Ellis Hamburger, writing for The Verge:
When I arrived at the University of Michigan in fall 2007, everybody said “Facebook me.”
In the following days, even a passing meeting guaranteed that a friend request would pop up the next time I logged on to Facebook. I felt popular and informed, at all times abreast of what my hallmates, friends, and peers were up to each day. Writing status updates, browsing photos from the previous night’s parties, and searching for girls who were also into Kurt Vonnegut became a daily pastime. The News Feed was the most addictive webpage I’d ever used, letting me people-watch with X-ray vision.
Now that I’ve left college and settled in with far fewer friends, remnants of my past life float through my feed like ghosts in the night. Facebook’s intelligent algorithms think that I still care about most of these people, that their “life events” should be a part of my daily “newspaper,” which is how Mark Zuckerberg sometimes describes Facebook. It’s an outdated way of thinking about social networking, and as a result, my Facebook feed feels less relevant than it ever has.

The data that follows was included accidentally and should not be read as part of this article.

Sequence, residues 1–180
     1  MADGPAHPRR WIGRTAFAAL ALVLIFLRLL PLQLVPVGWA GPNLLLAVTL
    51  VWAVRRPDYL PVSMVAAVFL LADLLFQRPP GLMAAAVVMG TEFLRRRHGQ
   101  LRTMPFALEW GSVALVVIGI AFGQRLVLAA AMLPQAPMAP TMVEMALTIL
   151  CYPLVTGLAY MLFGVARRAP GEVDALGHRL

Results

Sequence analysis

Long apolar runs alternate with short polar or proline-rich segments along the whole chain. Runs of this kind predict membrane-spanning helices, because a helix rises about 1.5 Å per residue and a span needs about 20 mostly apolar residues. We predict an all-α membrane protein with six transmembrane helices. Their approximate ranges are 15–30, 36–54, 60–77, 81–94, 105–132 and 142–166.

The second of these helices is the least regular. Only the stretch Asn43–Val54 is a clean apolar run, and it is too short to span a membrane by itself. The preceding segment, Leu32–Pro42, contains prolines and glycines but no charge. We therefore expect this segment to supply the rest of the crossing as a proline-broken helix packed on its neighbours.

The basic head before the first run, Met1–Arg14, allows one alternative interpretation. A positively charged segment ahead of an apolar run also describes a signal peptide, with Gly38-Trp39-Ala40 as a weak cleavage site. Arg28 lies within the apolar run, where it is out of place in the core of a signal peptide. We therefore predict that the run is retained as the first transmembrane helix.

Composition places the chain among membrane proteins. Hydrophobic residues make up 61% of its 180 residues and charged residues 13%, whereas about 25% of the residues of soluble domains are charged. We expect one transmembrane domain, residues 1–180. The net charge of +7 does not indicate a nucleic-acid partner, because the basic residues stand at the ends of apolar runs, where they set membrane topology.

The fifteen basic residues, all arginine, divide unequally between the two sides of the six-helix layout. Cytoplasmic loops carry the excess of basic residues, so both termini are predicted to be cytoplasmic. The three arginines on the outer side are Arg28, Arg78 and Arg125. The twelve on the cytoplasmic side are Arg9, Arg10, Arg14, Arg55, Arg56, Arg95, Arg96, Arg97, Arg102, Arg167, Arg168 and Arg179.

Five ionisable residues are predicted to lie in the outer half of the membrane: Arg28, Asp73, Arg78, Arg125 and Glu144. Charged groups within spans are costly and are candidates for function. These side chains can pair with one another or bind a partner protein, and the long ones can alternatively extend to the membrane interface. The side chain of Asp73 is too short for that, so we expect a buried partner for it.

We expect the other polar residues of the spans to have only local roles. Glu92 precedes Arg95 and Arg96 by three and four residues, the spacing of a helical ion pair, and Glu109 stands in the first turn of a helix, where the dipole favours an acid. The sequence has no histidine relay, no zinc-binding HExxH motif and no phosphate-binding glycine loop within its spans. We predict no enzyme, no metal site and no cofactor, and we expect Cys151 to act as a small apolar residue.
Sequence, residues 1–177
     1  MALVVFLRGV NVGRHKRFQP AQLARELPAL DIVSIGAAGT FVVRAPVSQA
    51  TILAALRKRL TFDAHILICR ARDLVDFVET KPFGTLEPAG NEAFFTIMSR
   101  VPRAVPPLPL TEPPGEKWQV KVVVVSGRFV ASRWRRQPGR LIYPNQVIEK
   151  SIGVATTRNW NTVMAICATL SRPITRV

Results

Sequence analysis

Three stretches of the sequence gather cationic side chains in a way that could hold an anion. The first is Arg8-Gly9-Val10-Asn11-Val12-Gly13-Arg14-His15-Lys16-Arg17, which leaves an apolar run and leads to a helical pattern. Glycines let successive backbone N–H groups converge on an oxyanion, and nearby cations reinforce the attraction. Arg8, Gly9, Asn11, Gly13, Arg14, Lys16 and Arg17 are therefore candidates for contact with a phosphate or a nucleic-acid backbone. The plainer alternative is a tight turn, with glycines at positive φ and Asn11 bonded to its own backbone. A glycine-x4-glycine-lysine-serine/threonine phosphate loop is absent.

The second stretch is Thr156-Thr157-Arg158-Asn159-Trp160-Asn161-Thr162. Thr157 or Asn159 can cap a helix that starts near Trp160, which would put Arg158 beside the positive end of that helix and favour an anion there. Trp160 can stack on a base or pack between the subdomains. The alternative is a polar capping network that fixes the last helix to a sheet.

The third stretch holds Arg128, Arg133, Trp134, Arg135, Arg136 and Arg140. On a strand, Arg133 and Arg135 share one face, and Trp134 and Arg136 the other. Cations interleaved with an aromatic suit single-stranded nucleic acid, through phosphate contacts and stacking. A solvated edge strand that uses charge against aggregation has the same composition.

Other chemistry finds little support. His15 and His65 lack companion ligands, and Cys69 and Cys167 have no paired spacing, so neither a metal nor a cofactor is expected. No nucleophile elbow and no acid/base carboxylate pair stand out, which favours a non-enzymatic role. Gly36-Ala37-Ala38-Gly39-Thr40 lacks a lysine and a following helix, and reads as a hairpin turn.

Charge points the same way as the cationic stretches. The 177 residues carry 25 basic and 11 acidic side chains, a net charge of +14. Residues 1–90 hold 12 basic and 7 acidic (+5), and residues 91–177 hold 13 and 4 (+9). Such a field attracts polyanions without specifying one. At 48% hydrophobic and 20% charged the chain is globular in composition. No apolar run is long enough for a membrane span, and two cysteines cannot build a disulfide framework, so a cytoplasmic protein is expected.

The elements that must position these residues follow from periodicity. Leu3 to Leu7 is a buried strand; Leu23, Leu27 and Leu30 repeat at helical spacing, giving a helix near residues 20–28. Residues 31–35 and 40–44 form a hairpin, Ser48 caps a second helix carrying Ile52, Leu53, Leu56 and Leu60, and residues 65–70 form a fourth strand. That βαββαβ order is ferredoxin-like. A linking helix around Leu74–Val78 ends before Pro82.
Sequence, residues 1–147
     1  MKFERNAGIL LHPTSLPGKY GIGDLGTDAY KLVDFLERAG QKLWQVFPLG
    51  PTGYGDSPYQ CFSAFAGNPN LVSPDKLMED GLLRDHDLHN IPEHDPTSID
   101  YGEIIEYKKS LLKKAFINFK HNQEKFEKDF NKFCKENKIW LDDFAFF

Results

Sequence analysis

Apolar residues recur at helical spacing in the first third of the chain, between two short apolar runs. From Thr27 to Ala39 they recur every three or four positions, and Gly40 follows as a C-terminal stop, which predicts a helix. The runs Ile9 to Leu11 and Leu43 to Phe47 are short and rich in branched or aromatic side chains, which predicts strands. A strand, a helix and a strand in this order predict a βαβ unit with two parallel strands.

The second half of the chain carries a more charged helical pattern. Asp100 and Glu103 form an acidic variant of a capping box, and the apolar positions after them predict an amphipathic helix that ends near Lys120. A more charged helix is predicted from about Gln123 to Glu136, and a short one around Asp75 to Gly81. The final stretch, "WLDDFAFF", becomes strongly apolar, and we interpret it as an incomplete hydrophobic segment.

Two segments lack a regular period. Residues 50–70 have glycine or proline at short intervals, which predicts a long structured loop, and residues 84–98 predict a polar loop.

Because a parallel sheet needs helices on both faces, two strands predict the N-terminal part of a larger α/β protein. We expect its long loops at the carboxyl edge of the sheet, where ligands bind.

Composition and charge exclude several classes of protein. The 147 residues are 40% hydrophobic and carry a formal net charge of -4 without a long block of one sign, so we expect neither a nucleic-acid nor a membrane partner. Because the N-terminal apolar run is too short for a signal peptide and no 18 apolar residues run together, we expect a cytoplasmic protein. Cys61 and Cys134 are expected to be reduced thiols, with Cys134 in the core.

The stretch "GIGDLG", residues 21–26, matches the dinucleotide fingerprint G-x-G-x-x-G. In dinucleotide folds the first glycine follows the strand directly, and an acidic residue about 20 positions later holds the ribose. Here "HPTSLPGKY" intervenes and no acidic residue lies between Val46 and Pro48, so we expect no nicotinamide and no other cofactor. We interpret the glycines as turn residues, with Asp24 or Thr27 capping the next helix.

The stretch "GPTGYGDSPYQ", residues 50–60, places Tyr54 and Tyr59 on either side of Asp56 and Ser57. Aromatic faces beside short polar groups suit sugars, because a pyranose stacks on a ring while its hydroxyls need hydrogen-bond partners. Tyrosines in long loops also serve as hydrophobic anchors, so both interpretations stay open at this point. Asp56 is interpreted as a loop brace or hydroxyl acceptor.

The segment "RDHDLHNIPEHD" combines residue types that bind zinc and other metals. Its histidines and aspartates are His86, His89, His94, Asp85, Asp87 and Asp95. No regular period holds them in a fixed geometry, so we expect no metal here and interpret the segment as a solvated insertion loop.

In the real world, losing touch with people happens naturally and effortlessly, but on Facebook, unfriending is reserved only for breakups and acts of malice. So, the ghosts floating through my News Feed vastly outnumber the friends I’ve kept. My Friends list went from a roster of my current friends to a collection of everyone I’ve met in the last 10 years — a social group too massive to feel urgent, and too broad to share with on a daily basis.
Facebook is broken for its earliest users, and perhaps soon, for many of its new ones as well.
As Facebook ages, it faces an interesting generational problem. As people age, their friendships change, evolve. When they are in school, they might have one large cluster of friends. Their friend list grows indiscriminately and is rarely trimmed. As they mature and move on in life, that large group of friends is curated, resolving into a smaller list of closer friendships. Facebook excels at building a friend list, but does not do such a great job at supporting the curation process.
Myself, I rarely unfriend anyone, mostly, I fine tune who I follow closely.